I’m reminded of a bit of business advice I got when I was raising money to start a company back in 1993. It went something like this: “Just because something is a truly great idea does not necessarily mean it will make a good business. And just because something would be a terrific business does not necessarily mean it is a good investment.” You guys offer us ideas – often great ideas. Our job is to decide if they are worthy investments. There is often no question they are good ideas.

That’s why I really absorb all of your suggestions, and that’s also why you don’t see all of them getting implemented right away. It is without question the hardest part of this job.

Wednesday, July 25, 2007

The Product Tax

Your feature ideas are great, and your obvious passion is a tribute, I think, to what we've done so far. So I'm going to have another one of those "out on a limb" conversations here about product design. (It's possibly too much for a blog like this, but...) there was something in a few of your postings that comes up often, and it includes the expression that the solution to a problem is "obvious." This has triggered something in me. A number of new community features will roll out next week and it seemed like a good time to bring you deeper into my world.

There is this idea in product design that can be called a "product tax." It has a few components. The taxes are in addition to the more obvious cost of a new feature -- in terms of the work of designers and engineers. This is what most people think about when prioritizing 1/2 stars or movie privacy. I think inexperienced product developers are too highly focused on this as they prioritize what to build. The first small tax on this is the unanticipated amount of work it really takes to build and support the feature. Take our Movie Privacy feature.

As I said back when it rolled out, the creation was opportunistic: we had built it a year ago and it hadn't been released, it was not particularly "designed" - but it did solve a need and I felt it would be important to Friends users. And heck, Blockbuster even had it. Alright, so it wouldn't take too much time to finish it up and get it on the site, as long as I didn't spend a lot of time making it pretty and efficient. It just "is."

But once it was connected up to other pages, unexpected questions arose: if a movie is hidden, what happens if you review it? Does that "unhide it" or does the review show anyway. What about Watch Now movies? Are those hidden too? Someone discovered that hidden movies DO show up in the RSS Feeds. Should we hide the movies there? Each place where movies need to be hidden requires a little more work to implement. And in some cases, say RSS Feeds, there are engineering reasons why it's harder to hide something than in your Friends' sliders. Now I'm going to make up some numbers to illustrate this, but they are just made up: let's say 25% of our members use Friends. And 10% use Watch Now. It's possible that only 1% of Watch Now users are also Friends users. And not everyone in that group wants or needs privacy-- maybe only 10% of them. So to add this simple Movie Privacy page, and make it work "right" we have to think about and engineer this hiding for Watch Now even though it's highly unnecessary: 25% of our Friends users need Movie Privacy, but only a fraction of a % need Privacy applied in the Watch Now area. (And for the record, Movie Privacy DOES work on Watch Now titles). The point is that it was easy to create the page, but finding all the strings leading away is harder and creates a tax on releasing the feature. We tend to make something work only when a reasonably large percentage of people want and need the feature, or if common sense dictates we do it anyway, expecting more people to be using it later on. But as obvious as the feature is, one needs to be careful following all these strings and considering that additional work in the feature. But as i said, this is only the "small tax" here. I think product designers are well aware of this tax.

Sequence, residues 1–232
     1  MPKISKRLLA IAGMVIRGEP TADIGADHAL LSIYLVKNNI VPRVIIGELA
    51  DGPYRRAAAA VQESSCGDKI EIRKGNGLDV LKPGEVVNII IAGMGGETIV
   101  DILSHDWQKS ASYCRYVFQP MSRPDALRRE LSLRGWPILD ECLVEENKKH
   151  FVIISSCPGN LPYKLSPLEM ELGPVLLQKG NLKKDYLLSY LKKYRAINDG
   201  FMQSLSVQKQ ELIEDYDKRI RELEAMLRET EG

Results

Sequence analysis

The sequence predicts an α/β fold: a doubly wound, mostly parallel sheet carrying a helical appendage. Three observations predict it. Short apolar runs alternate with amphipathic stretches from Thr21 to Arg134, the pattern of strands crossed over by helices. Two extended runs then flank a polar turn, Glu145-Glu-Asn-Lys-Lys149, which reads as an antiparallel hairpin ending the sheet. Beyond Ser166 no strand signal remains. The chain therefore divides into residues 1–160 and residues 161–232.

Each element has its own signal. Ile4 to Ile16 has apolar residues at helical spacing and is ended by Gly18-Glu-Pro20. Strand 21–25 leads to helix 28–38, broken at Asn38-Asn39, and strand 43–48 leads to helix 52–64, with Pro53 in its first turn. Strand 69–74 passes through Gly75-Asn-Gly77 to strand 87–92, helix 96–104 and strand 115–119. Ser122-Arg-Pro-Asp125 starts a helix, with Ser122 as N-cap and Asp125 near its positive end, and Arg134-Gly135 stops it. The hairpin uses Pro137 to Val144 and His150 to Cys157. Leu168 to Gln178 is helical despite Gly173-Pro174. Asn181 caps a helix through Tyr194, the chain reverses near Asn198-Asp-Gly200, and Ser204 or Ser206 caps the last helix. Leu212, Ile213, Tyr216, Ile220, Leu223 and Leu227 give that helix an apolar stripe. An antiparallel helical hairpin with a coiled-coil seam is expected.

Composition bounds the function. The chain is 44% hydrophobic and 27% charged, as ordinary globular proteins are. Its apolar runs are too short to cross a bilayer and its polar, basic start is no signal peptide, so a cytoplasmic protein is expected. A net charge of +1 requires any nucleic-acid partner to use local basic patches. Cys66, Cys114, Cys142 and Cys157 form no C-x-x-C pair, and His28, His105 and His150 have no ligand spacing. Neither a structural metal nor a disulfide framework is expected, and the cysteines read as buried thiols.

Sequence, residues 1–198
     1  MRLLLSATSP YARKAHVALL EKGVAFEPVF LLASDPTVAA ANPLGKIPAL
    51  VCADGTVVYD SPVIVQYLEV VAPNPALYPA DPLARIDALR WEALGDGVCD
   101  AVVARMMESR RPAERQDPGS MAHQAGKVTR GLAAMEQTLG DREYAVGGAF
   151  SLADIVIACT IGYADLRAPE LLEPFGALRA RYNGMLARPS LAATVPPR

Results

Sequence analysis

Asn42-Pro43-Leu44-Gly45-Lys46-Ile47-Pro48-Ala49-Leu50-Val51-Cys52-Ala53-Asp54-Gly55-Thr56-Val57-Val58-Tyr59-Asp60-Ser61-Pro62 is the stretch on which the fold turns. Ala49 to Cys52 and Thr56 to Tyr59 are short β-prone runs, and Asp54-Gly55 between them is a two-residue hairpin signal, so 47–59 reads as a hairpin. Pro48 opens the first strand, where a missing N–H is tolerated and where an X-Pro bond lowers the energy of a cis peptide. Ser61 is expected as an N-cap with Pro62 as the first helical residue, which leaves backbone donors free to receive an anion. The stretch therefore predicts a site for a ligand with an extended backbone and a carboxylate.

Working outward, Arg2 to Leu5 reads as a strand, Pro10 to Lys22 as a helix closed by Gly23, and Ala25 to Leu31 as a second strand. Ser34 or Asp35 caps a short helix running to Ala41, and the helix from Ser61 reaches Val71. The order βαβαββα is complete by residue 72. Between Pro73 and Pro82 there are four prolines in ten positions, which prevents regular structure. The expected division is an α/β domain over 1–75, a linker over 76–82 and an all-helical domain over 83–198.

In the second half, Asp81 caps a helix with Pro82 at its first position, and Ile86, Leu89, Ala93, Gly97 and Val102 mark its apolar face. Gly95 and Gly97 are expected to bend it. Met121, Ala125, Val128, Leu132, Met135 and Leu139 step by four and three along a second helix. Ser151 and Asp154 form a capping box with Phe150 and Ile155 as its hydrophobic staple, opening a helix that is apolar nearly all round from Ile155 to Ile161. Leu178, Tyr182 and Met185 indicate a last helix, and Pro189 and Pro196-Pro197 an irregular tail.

The larger tax is the one frequently missed. Once the new feature is created, it adds a lot of software to an already large pile of software that is our website. And now whenever someone working on any other part of the site has the idea for some cool new feature -- one that might be VERY important to lots of people, and VERY cool, the building of it must take into consideration all the other things it touches. As Steve goes and builds Watch Now features, he is belabored with the strings of Movie Privacy. If I want to add something about notes or reviews, I can't just build it quickly and get it out, i have to consider all the permutations that may involve privacy and make sure each is logical. And the more of these things you add, the more difficult and slow it is to do other features.

This is the hidden tax. It's starts small, but expands rapidly. Products (and websites) often get slower and slower to release new features because they spend an increasingly large percentage of their time just dealing with the baggage of the old features. If those old features are great, that's just business. But if those old features don't add much value, or only add value to the 1/2% of people who write reviews, use RSS feeds AND use Friends, then one must consider if the cost is worth it.

The discipline, therefore, is to generate new features, make them good for a lot of people, and keep an eye on how much value they really add. And after some period of time (it could be half a year, or a few years) if they aren't being used by many people, kill them. Otherwise they stack up in an endless pile that must be weeded through by customers and engineers alike.